In Ottawa (City) v. Lauzon, 2013 ONSC 2619, the Ontario Superior Court of Justice considered whether or not the City of Ottawa (the “City”) had the jurisdiction to consider heritage factors related to compliance with the Ontario Heritage Act, R.S.O. 1990, c. O.18 (the “OHA”) in making an order pursuant to ss. 15.9(4) and 18(1)(a) and (c) of the Building Code Act, 1992, c. 23 (the “BCA”).
The owner of a historical building located in a Heritage Conservation District sought an order from the City to demolish the building, without considering the possibility of remediating the building to preserve its heritage structure. Both the owner and the City were in agreement that the building was in an unsafe condition.
In response to a report prepared by the owner’s engineer that the building should be demolished because it was a risk to public safety, the City issued an order to the owner to remedy the unsafe building. The City also ordered the owner to provide a peer review of the engineer’s report by a heritage structural engineer “commenting on the ability to remediate the building”. The Chief Building Official (“CBO”) was not prepared to issue a demolition permit until the City was satisfied that the owner had complied with the OHA.
The owner obtained a peer review (the “Peer Review Report”) of the engineer’s report, but refused to provide a copy of the Peer Review Report to the City. The City then issued an order to the peer reviewer requiring him to provide the City with a copy of the Peer Review Report and all information in his possession related to the building.
Central Question Considered by the Court
The central question considered by the Court was whether or not the City had the jurisdiction to order the peer reviewer to provide a copy of the Peer Review Report, if it was not subject to litigation privilege.
The owner submitted that any order issued under ss. 15.9(4) and 18 of the BCA is limited to ensuring the safety of the building and that these sections of the BCA do not give the City jurisdiction to consider compliance with the OHA.
The City submitted that s. 18 is not limited only to information related to the safety of the building and that it had the authority to require information from any person concerning a matter related to the building. The City submitted that this includes authority to require information from an engineer who has prepared a report assessing the possibility of remediating a heritage building.
The City also referred to s. 8 of the BCA and submitted that the OHA is “other applicable law” under s. 8(2)(a) of the BCA, and that s. 42(1) of the OHA would prevent an owner from demolishing a heritage property without obtaining a permit from the City.
Findings of the Court
In his reasons, Smith J. commented on the purposes, objectives and scheme of the BCA, which requires compliance with other applicable laws, which would include the OHA, before a demolition permit is issued, and found as follows at paras 48 and 49:
I find that by analogy, even if a demolition permit has not been applied for by the owner, who has allowed a building to fall into such disrepair that it becomes unsafe to the public, and the City must decide whether to issue an order to demolish the building, the CBO can consider if demolition would contravene the OHA. This approach would be consistent with the main object and scheme of the BCA and the intent of the legislature as evidenced in s. 8(2)(a) that the City may consider whether issuing a building or demolition permit for a heritage building would contravene the provisions of the OHA as it is an “other applicable law”. I find that this interpretation would apply both to an application made under s. 8(2) of the BCA by an owner and when the City must act under s. 15.9(6) to order demolition or remediation of a designated heritage building.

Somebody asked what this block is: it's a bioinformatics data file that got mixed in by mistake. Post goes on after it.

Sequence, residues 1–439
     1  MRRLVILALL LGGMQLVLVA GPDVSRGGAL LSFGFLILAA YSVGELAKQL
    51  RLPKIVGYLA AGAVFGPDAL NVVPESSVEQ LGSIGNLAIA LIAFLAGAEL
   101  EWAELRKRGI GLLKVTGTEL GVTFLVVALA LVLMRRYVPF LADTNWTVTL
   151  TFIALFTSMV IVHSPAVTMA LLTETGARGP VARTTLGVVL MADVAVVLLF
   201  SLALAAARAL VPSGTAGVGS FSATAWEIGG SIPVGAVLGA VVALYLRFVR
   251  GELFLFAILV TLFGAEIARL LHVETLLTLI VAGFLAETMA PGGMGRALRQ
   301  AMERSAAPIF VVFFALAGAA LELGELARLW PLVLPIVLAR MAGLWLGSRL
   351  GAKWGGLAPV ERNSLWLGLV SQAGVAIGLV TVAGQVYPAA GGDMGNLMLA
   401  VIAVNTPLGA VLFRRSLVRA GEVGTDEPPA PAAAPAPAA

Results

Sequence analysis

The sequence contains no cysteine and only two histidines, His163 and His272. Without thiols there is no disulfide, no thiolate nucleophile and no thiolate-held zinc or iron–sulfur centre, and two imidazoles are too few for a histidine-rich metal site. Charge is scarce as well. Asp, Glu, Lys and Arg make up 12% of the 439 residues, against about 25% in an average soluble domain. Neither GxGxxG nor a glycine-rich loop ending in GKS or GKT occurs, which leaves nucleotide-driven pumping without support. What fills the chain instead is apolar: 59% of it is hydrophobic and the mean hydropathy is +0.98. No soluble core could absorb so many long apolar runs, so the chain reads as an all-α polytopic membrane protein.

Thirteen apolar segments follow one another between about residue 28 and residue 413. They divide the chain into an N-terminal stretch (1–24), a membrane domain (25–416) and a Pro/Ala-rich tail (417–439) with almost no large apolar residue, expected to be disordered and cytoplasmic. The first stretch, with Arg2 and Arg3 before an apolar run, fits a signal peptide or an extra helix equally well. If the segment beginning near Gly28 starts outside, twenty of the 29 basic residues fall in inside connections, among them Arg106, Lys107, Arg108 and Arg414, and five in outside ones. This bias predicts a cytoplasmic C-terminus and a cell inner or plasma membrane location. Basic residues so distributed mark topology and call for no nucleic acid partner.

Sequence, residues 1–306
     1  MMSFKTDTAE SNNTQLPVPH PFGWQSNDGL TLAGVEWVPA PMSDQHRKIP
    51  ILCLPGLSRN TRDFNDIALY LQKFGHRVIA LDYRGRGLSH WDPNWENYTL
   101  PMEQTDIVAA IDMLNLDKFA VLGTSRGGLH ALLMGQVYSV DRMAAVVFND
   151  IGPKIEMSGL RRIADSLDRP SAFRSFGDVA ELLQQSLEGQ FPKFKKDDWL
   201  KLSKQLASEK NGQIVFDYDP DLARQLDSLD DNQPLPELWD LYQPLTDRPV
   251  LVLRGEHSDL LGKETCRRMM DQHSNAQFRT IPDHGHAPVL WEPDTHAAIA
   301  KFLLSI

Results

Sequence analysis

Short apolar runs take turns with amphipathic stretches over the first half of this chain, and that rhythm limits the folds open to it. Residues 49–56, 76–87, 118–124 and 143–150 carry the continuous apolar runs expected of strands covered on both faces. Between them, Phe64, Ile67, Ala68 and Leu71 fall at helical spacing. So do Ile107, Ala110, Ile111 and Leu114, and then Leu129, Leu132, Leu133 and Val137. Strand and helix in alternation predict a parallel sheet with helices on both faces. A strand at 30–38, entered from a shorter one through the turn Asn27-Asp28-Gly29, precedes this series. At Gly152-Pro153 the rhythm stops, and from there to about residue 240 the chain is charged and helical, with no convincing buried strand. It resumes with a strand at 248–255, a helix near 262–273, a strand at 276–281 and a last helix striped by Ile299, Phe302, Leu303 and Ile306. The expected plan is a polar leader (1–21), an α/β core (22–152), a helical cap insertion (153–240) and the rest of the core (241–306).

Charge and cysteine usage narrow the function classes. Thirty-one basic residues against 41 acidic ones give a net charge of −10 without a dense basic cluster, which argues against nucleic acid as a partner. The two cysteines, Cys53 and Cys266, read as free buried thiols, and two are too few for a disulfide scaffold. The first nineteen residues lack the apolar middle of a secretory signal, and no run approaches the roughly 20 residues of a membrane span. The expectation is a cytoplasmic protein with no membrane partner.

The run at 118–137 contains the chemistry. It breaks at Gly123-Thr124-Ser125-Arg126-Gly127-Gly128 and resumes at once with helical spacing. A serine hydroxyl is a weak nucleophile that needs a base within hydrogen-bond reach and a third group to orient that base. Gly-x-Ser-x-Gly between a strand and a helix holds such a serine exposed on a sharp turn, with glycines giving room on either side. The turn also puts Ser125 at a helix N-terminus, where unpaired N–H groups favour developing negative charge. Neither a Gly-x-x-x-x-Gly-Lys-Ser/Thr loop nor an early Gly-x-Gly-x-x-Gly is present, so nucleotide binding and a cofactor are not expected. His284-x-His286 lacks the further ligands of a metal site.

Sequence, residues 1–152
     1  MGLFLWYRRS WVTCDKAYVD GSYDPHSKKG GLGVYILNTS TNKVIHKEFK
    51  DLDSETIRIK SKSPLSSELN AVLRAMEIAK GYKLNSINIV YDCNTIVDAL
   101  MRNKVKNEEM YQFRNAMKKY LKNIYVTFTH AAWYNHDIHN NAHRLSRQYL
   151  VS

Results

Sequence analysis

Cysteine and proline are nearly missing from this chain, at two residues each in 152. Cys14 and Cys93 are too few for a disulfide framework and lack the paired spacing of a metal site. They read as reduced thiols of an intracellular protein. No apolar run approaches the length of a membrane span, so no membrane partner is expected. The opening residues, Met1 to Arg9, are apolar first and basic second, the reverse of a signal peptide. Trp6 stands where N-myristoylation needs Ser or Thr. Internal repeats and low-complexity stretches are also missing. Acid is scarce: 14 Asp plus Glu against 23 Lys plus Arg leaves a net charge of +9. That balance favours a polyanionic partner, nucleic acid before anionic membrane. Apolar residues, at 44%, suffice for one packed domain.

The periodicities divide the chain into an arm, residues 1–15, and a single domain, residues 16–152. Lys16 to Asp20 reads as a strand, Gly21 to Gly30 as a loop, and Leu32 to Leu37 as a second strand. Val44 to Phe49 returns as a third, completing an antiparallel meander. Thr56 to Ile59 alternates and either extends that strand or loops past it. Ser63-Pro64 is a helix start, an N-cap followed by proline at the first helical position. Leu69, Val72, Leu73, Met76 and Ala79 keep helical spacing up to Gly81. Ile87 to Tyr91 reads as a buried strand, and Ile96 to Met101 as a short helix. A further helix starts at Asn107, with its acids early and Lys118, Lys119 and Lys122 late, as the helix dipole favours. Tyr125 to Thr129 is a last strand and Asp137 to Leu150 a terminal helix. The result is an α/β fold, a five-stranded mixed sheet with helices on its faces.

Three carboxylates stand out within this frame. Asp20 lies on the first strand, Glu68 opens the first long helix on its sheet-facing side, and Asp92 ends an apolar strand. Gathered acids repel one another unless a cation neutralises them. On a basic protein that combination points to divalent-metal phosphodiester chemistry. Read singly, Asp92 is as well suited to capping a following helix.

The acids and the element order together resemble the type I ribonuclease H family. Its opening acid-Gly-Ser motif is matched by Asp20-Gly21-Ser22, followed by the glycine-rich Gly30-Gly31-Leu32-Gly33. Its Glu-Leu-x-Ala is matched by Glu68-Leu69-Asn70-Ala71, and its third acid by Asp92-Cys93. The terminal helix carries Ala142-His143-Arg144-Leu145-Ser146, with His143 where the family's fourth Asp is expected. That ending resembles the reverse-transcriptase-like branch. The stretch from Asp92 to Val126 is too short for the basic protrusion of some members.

I therefore interpret s. 8(2)(a) of the OBA to allow the City to consider compliance with other applicable laws, including the OHA, before ordering a demolition of a heritage building in a designated heritage area. I would also interpret the powers of the inspector as set out in s. 18 of the OBA, in a manner consistent with the objectives and scheme of the BCA and the intention of the legislature to allow an inspector to request production of documents relevant to the Building from the owner or from any person concerning a matter related to the building or a part thereof This would include a request for information related to a possibility of remediating the structure to ensure its safety and any information related to whether the Building could be remediated to avoid contravening the OHA.
The Court concluded that the City had the jurisdiction to order the peer reviewer to produce a copy of the Peer Review Report, provided it was not subject to litigation privilege, as it concerned a matter related to the building, namely information about the possibility of remediating the building in accordance with the OHA to preserve some of its heritage attributes.
The Court also found that the Peer Review Report was not the subject of litigation privilege as it had been prepared to respond to the City’s order requiring a peer review by a heritage structural engineer of the report prepared by the owner’s engineer.
On 23 May 2013, the Ontario Superior Court of Justice dismissed a motion brought by the owner for a stay of the Court’s decision dated 8 May 2013. Written reasons regarding the Court’s decision denying the motion for a stay were issued on 30 May 2013 (Gregoire v. Lauzon, 2013 ONSC 3182).